The Proofreader's Parlour
A blog for editors, proofreaders and writers
Today I'm exploring the differences between fiction and non-fiction editing, and why fiction work isn't for everyone. To keep things tidy, I'm talking in the main about line editing and copyediting because I specialize in sentence-level work, but some of the key principles will apply to developmental fiction editing too.
Why fiction editing is a different kind of artistry
Have you ever tried something for the first time and found it difficult?
Did someone review your initial effort?
Did they outline problems before celebrating your achievement?
If so, how did you feel?
I suspect most of us have encountered this scenario at some time or other. I have, and it feels just awful. A review of anything that focuses only on the negatives – however kindly those negatives are offered – is a poor review.
It matters not whether you’re an editor, a business executive, a marketer, or a parent; if you can’t find a single good thing to celebrate in the work in front of your nose, then you’ve not done the job properly.
When editing fiction, the ability to celebrate first is critical – more so, I think, than with non-fiction. Note that by non-fiction I’m referring to academic, technical and journalistic works, not narrative non-fiction (sometimes called creative or literary non-fiction) such as memoir or biography, where I think the editing challenges are similar to the fiction specialist’s.
In a nutshell, editing criminology requires a different touch to editing crime fiction.
Every writer’s book is their baby, and most writers will infuse their tomes with their own experiences. But when those experiences concern matters of love, grief, sex or despair, the process of writing – and of being edited – takes on a whole new level of intimacy.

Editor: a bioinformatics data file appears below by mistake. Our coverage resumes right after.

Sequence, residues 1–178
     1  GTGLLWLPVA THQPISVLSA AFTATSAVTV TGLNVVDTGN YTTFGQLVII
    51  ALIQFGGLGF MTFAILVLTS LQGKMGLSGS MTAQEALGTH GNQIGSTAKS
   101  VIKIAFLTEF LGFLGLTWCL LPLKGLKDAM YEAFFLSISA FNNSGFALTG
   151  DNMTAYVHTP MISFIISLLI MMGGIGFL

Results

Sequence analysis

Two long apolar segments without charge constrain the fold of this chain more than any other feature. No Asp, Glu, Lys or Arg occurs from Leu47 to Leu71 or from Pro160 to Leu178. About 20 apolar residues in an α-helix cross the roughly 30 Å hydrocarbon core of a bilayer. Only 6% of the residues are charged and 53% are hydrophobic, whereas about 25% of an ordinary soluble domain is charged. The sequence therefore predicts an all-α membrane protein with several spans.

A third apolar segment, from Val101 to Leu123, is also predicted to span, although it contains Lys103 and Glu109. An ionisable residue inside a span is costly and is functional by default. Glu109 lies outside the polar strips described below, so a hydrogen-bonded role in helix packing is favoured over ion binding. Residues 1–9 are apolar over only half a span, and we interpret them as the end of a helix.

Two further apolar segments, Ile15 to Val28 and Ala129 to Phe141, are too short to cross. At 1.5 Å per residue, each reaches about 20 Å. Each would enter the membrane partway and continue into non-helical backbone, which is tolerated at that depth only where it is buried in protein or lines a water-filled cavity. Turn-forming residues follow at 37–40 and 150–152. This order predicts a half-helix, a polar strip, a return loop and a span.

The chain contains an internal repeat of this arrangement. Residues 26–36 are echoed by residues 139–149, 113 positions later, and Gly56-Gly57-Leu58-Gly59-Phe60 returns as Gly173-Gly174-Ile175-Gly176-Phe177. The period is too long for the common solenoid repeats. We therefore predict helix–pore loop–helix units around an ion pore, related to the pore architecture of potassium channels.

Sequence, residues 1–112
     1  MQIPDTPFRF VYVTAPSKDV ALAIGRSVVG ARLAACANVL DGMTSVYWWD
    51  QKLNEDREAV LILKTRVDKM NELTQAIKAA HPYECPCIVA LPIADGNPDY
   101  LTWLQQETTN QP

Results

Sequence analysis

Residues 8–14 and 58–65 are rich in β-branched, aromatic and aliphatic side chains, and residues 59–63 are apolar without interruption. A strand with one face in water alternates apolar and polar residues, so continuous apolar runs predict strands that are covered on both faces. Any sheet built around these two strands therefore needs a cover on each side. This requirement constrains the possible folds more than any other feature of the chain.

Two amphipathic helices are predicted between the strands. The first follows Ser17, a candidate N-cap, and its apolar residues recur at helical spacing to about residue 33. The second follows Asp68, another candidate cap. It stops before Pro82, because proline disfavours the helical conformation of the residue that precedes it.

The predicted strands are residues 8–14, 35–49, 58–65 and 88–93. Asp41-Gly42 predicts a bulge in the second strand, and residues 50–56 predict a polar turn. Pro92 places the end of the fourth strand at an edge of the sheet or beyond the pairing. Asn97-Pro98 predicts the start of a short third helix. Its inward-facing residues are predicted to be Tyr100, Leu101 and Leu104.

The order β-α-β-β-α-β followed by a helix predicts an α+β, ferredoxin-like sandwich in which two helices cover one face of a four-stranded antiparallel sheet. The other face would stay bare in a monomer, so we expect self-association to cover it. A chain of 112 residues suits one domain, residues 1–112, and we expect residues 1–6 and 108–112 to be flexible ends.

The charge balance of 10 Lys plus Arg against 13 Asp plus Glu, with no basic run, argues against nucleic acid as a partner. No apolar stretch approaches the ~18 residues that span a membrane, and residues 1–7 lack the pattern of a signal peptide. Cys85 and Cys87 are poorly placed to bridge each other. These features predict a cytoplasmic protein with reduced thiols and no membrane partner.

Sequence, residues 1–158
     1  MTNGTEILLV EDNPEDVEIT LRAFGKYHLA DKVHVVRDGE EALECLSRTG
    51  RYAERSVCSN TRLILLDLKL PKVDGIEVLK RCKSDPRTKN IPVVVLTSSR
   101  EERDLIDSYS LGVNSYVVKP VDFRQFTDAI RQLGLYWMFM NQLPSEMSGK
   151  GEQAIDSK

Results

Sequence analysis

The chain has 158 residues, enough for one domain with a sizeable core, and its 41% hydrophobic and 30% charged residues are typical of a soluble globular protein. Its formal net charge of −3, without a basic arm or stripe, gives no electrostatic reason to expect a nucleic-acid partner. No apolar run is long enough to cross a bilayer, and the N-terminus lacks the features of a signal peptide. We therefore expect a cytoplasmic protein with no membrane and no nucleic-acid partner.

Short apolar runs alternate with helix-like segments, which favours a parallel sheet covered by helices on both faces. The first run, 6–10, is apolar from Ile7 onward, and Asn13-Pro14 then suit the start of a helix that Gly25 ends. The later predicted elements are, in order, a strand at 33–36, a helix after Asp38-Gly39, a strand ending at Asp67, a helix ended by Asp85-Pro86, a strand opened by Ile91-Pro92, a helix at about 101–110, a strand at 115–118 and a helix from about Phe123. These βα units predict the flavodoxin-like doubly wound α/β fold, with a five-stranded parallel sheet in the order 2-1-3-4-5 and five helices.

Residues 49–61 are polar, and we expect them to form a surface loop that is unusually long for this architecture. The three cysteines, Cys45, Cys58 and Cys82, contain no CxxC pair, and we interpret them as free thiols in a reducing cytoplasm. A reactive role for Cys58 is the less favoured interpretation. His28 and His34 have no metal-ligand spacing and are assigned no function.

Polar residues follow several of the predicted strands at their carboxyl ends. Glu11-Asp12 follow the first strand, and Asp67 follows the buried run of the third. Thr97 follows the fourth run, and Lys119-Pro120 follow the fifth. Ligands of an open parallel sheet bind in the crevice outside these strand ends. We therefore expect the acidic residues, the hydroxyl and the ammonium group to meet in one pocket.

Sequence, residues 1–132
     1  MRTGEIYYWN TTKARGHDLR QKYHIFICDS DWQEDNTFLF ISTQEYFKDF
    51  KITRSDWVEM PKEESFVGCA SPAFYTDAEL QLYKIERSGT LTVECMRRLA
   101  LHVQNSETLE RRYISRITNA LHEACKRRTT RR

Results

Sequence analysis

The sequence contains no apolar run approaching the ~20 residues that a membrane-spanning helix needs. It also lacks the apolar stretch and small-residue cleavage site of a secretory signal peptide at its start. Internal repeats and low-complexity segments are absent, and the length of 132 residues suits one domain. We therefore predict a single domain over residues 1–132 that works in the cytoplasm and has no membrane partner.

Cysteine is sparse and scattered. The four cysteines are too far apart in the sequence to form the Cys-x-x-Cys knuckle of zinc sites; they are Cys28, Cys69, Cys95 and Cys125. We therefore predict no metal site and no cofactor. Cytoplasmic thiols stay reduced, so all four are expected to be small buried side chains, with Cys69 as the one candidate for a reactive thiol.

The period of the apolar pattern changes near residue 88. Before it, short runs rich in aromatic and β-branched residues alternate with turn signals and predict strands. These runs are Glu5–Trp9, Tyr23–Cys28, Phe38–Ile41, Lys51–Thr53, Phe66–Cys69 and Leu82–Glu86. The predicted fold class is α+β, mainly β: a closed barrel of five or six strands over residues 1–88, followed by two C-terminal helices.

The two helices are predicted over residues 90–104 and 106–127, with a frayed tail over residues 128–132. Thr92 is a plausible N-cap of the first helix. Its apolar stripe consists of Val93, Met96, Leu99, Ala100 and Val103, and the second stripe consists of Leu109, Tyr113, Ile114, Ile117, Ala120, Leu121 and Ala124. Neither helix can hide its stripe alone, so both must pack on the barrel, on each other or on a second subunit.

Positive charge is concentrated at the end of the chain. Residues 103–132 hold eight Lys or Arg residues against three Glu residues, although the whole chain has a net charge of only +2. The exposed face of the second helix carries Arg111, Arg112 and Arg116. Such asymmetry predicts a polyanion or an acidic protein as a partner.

I’ve lost count of the number of authors who’ve told me they felt physically sick at the thought of contacting an editor, never mind emailing me the file. Many feel vulnerable, exposed, embarrassed.
And why wouldn’t they? Imagine handing over hundreds, even thousands of pounds to a stranger to look at an image of you and suggest how to make it better – not just any image, mind. You’re naked in this one. For many, that’s what it feels like to be edited.
And so the fiction editor is charged with a responsibility. And it’s huge.
Best versus best fit
Put 10 fiction editors in a room and ask them to work on the same 2,000 words. You’ll likely come back with 10 very different samples. That’s because fiction editing is subjective.
It’s not that the rules of grammar, spelling and punctuation don’t apply. It’s not even that they apply less rigidly. It’s rather that they apply differently.
Just a single change to a punctuation mark can affect tension, pace, mood.
One of my regular authors has a mantra: ‘Louise, as always, keep it lean and mean.’ He’s a crime writer. It’s high-octane stuff. Low on adverbs. Low on conjunctions. Short, choppy sentences. The protagonist looks over his shoulder a lot. And if the punctuation is sympathetic, the reader looks with him.
Compare this with another recent project. It’s essentially a love story – a woman’s search for her exiled family. The tale is one of heartbreak, abandonment, reconciliation and redemption. The author’s style is more fluid, prosaic. The protagonist isn’t looking over her shoulder but searching her soul. Every change needs to reflect this.